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Between Multiple Identities and Ethical Dilemmas: Healthcare Professionals' Identity Conflict Perception and Ethical Behaviour in End-Of-Life Circumstances

Carminati, L. and Héliot, Y. (2018) Between Multiple Identities and Ethical Dilemmas: Healthcare Professionals' Identity Conflict Perception and Ethical Behaviour in End-Of-Life Circumstances In: The European Conference on Psychology & the Behavioral Sciences (ECP2018 ), 03-04 Jul 2018, The Jurys Inn Brighton Waterfront, Brighton, UK.

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Abstract

Legal changes in medical regulations and advancements in medical technology have challenged healthcare organisations’ approaches to ethical controversies and influenced healthcare professionals’ clinical practice, especially in End-of-Life (EoL) situations. In such situations, healthcare professionals may experience moral identity conflicts and ethical dilemmas. Indeed, the moral code of conduct of doctors and nurses’ professional identity can interact with the moral values of their other non-work identities. These ethical conflicts could significantly affect healthcare professionals’ actions, patient care and quality of healthcare. Although a thorough understanding of identity conflict emergence, perception and influence would help healthcare professionals and organisations to promptly respond to such consequences, research has not exhaustively addressed these ethical conflict dynamics.

Therefore, through an interdisciplinary perspective integrating theoretical and empirical works in management/organisation studies and medical literature, this paper explores healthcare professionals’ ethical identity conflicts perception and behaviour in EoL circumstances. To pursue this aim, a qualitative research methodology has been chosen. Semi-structured interviews (N=54) are conducted among healthcare professionals, implementing both theoretical sampling, to strengthen the rigour of the study, and random sampling, to ameliorate any potential selection bias. The tradition of thematic analysis is followed to analyse the data. Hence, by offering an in-depth understanding of how ethical conflicts are experienced by doctors and nurses and bringing new insights on healthcare professionals’ behavioural consequences in terms of decision making and clinical practice, this paper enriches current works on ethical identity conflicts proposing findings and themes related to spiritual/religious identity, moral identity, procrastination of duties and absenteeism.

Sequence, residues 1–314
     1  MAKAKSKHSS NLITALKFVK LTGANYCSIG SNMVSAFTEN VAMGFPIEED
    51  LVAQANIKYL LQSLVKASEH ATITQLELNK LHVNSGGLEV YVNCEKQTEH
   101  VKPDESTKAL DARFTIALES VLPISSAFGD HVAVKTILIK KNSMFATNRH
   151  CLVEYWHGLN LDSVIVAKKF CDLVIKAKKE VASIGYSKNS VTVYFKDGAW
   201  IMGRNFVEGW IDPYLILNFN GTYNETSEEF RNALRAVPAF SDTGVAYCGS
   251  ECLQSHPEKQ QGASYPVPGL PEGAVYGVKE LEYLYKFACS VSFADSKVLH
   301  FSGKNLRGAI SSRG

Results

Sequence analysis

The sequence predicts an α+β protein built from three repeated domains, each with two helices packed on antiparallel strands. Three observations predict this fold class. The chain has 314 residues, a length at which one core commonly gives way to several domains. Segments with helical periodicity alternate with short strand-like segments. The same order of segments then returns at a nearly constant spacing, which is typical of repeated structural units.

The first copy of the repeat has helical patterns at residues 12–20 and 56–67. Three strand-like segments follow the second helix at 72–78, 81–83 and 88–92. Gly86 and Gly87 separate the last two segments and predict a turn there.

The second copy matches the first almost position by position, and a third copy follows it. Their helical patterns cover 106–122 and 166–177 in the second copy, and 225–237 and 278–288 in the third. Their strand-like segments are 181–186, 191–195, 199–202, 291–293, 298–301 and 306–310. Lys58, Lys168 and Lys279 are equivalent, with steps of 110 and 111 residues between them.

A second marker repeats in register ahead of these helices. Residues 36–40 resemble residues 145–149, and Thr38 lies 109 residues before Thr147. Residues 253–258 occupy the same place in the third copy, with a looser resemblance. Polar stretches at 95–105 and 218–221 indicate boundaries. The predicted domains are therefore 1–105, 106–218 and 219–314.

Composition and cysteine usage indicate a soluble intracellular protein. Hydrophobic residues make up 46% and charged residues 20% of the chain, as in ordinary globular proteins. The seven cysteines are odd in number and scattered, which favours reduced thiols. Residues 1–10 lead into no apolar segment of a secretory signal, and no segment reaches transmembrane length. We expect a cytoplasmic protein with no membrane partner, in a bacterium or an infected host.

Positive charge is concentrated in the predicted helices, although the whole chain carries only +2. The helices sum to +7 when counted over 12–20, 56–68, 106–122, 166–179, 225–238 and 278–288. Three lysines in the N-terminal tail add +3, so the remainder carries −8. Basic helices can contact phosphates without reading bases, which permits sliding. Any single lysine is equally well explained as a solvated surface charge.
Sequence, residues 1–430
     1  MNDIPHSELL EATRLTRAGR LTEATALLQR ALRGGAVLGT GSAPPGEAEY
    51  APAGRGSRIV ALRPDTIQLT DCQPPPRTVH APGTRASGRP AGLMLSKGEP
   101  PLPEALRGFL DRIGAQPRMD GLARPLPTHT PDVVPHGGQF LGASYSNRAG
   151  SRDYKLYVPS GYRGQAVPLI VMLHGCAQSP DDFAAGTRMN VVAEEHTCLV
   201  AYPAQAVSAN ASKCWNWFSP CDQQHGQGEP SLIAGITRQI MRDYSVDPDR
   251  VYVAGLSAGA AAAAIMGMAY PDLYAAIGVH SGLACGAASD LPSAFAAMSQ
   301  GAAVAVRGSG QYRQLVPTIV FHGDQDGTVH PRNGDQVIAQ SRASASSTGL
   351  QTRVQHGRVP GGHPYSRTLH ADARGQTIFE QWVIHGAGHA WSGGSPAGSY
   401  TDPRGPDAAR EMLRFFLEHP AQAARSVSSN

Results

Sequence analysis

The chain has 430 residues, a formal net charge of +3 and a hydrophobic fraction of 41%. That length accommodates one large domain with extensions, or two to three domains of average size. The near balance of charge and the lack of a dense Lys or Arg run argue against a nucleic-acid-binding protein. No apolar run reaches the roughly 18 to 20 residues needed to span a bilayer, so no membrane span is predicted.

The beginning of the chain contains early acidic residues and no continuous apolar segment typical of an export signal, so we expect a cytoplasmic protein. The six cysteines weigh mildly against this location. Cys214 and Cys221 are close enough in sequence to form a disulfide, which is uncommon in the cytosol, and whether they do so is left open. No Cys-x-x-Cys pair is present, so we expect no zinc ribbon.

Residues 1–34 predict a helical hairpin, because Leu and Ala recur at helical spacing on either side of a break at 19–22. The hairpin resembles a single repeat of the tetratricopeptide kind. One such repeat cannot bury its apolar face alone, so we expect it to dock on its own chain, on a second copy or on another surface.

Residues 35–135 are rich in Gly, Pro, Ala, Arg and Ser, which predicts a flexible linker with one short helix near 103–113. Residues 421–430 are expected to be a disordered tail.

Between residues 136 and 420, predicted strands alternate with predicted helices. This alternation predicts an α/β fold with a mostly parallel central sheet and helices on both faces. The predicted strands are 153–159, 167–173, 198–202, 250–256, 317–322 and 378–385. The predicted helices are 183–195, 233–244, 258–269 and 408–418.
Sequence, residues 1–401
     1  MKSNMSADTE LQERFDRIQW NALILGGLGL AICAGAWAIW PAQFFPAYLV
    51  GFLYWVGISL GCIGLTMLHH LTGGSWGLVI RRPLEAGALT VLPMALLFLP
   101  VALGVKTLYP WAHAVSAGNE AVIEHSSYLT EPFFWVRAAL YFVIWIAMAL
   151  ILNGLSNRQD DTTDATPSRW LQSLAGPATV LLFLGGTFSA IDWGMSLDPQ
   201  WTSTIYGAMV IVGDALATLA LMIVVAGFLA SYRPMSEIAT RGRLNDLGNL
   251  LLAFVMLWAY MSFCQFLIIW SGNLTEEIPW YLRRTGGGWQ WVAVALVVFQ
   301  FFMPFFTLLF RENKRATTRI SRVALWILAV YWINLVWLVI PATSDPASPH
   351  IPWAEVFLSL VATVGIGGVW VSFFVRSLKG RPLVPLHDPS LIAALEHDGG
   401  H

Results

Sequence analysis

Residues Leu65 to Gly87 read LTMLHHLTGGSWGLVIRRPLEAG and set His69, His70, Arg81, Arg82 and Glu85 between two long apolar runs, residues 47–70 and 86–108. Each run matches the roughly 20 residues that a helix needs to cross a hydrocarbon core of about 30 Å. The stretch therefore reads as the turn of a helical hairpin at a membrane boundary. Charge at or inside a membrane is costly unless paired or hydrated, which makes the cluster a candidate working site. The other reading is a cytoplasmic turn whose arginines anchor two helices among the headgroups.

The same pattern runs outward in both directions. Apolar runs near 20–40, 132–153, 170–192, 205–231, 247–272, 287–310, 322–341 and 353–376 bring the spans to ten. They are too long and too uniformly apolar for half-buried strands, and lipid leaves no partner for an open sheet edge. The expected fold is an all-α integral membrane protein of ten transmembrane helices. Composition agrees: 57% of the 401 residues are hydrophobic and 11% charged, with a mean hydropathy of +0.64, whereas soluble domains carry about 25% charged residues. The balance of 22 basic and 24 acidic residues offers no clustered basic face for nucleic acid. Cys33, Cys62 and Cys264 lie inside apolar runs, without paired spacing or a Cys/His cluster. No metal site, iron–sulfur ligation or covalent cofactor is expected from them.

Item Type: Conference or Workshop Item (Conference Abstract)
Divisions : Faculty of Arts and Social Sciences > Surrey Business School
Authors :
NameEmailORCID
Carminati, L.l.carminati@surrey.ac.uk
Héliot, Y.Y.Heliot@surrey.ac.uk
Date : 3 July 2018
Copyright Disclaimer : Copyright 2017 © The International Academic Forum (IAFOR)
Related URLs :
Depositing User : Clive Harris
Date Deposited : 18 Sep 2018 15:29
Last Modified : 05 Oct 2018 13:47
URI: http://epubs.surrey.ac.uk/id/eprint/849343

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